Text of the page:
Sunday, January 29, 2012

From Montana to London

Montana-born artist Edward McKnight Kauffer (1890–1954) ranks as one of the most significant designers of the twentieth century, noted for his avant garde graphic design and poster art. With long years of living in London, connections to the artistic avant-garde in Britain and France put Kauffer at the forefront of developments in the visual language of advertising during the 1930s. Retrospective exhibitions of the artist’s work have been held at the Museum of Modern Art in New York and at the Victoria & Albert Museum, London.

Two airbrush illustrations from the 1930 book, World Polity in 2030; both illustrations show the artist working in the style of vorticism which favored machine-like forms.

A Lithograph titled Cricketer done in 1923

By the age of twenty Kauffer was living in San Francisco and studying art at the Mark Hopkins Art Institute. Through connections at the Art Institute, Professor Joseph McKnight of the University of Utah became aware of Kauffer and his work and chose to sponsor the young artist, paying for further study in Paris. In gratitude, Kauffer took his sponsor’s name as his own middle name.

Flea; Lithograph done in 1926 for the London Underground

Before leaving for Paris Kauffer studied briefly at the Art Institute of Chicago. While there he attended the much heralded Armory Show which introduced post-modernism to American audiences. The exhibition had a major impact on Kauffer, and many of the same styles showed up in his later career. He arrived in Paris in 1913 and studied at the Académie Moderne until 1914. He moved to London with the start of the World War, and remained there for the next twenty-six years. After only a year in London he had already become an extremely influential designer of posters, theatre costume, exhibition designs, murals, book illustrations, carpets and textiles. He and his wife-to-be Marion Dorn, also a designer, were a dynamic, glamorous couple in London’s art scene.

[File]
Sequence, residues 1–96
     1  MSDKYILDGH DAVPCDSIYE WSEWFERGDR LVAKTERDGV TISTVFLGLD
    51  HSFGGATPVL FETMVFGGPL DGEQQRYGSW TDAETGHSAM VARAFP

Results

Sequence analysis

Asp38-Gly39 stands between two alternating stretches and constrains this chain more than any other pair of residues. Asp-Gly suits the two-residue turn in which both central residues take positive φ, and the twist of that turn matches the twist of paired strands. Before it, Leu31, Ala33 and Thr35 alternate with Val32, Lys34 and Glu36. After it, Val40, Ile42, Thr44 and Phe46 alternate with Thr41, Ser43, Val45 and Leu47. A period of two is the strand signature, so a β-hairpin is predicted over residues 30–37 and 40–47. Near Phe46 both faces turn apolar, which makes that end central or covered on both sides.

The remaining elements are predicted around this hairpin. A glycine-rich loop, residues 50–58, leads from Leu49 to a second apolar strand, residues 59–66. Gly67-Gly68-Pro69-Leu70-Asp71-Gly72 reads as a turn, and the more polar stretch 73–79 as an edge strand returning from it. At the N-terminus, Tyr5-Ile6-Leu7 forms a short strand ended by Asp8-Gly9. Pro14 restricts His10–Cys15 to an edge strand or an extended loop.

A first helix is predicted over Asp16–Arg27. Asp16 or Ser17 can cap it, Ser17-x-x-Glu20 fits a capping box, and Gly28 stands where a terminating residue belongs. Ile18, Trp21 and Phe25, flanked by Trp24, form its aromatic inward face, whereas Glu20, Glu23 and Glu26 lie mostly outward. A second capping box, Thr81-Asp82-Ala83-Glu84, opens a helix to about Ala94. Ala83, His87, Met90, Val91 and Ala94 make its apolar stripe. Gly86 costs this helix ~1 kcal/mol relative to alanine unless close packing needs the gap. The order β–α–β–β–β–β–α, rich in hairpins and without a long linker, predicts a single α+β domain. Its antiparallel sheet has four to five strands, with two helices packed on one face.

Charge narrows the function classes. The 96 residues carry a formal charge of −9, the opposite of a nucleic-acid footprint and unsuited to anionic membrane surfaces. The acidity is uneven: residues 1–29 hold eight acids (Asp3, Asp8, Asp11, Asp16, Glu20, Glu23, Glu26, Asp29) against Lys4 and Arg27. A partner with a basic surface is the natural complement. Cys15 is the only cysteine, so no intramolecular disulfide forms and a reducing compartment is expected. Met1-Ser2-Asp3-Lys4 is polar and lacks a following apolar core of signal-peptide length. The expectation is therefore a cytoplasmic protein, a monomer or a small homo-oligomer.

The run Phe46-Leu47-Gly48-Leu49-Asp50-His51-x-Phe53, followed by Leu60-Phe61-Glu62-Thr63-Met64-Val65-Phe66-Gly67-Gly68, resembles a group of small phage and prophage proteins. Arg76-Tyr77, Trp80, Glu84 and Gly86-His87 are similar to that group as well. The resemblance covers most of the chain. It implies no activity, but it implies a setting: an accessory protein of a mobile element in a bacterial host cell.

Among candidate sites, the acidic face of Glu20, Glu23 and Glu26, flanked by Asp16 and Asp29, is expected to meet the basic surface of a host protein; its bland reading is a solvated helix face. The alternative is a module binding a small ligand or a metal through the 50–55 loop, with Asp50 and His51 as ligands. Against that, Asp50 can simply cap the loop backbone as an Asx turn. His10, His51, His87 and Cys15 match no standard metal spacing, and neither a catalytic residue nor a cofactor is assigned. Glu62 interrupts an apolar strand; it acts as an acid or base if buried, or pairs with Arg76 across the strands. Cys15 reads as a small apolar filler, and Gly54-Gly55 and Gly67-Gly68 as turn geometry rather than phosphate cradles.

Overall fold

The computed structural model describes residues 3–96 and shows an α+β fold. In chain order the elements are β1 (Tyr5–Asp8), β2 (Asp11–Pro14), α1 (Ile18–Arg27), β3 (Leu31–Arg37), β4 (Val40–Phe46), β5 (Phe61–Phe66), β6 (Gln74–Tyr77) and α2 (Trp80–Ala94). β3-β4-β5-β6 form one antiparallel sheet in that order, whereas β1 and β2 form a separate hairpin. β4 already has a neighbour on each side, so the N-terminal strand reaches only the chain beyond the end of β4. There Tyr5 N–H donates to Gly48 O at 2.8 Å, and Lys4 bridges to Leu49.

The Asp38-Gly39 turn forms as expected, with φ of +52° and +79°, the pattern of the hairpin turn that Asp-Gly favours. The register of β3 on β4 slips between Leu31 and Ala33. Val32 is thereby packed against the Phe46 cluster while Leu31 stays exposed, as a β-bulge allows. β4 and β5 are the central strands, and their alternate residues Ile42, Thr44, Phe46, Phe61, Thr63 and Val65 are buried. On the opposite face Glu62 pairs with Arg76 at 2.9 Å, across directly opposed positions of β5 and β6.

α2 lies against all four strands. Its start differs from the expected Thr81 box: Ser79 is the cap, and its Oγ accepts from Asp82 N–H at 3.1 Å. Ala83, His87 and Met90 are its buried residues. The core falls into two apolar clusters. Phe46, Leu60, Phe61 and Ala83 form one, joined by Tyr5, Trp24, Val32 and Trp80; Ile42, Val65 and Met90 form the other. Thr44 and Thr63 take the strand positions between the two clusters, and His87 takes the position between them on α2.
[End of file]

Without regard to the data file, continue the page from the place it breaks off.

On the left is a lithograph from 1924 for Eno’s Fruit Salt; the right shows a lithograph for Gilbey’s Invalid Port done in 1933.

Kauffer is perhaps best known for the posters he produced for London Underground, and later London Transport. Those posters span a number of styles: many show abstract influences that include futurism, cubism, and vorticism, while others evoke the impressionist influence of Japanese woodcuts.

One in a series of illustrations done in 1946 for a 2-volume set on Edgar Allan Poe

The Lodger, 1926; tempura on paper

The artist returned to New York City in 1940 and sought work in advertising. He managed a few jobs designing posters for war relief agencies and the United Nations, but the atmosphere of the New York art world at the time was highly competitive and Kauffer struggled until 1947 when he was asked to do a series of posters for American Airlines. The airline continued to be his primary client until his death in 1954.

1931 lithograph, You Can Be Sure of Shell


  1. I like the straightforward design on the product ads. Hate to say I don't think I am very familiar with this artist and he "one of the most significant designers of the twentieth century." Your posts are always filling the gaps in my education; first some history of mayo and now a lesson on Kauffer. Please no homework but keep those lessons coming.

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Oak Hill, Florida, United States
A longtime expat relearning the footwork of life in America